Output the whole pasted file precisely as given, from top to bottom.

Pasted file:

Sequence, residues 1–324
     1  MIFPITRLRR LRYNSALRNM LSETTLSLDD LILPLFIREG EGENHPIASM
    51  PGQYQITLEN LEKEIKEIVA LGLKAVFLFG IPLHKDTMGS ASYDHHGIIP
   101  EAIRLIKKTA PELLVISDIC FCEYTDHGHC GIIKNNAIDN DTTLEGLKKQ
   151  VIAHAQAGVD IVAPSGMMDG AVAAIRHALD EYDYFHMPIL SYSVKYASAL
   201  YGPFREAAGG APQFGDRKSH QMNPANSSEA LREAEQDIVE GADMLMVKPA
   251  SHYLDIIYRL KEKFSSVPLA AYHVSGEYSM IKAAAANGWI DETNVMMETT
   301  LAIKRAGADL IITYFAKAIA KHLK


Sequence, residues 1–324
     1  MIFPITRLRR LRYNSALRNM LSETTLSLDD LILPLFIREG EGENHPIASM
    51  PGQYQITLEN LEKEIKEIVA LGLKAVFLFG IPLHKDTMGS ASYDHHGIIP
   101  EAIRLIKKTA PELLVISDIC FCEYTDHGHC GIIKNNAIDN DTTLEGLKKQ
   151  VIAHAQAGVD IVAPSGMMDG AVAAIRHALD EYDYFHMPIL SYSVKYASAL
   201  YGPFREAAGG APQFGDRKSH QMNPANSSEA LREAEQDIVE GADMLMVKPA
   251  SHYLDIIYRL KEKFSSVPLA AYHVSGEYSM IKAAAANGWI DETNVMMETT
   301  LAIKRAGADL IITYFAKAIA KHLK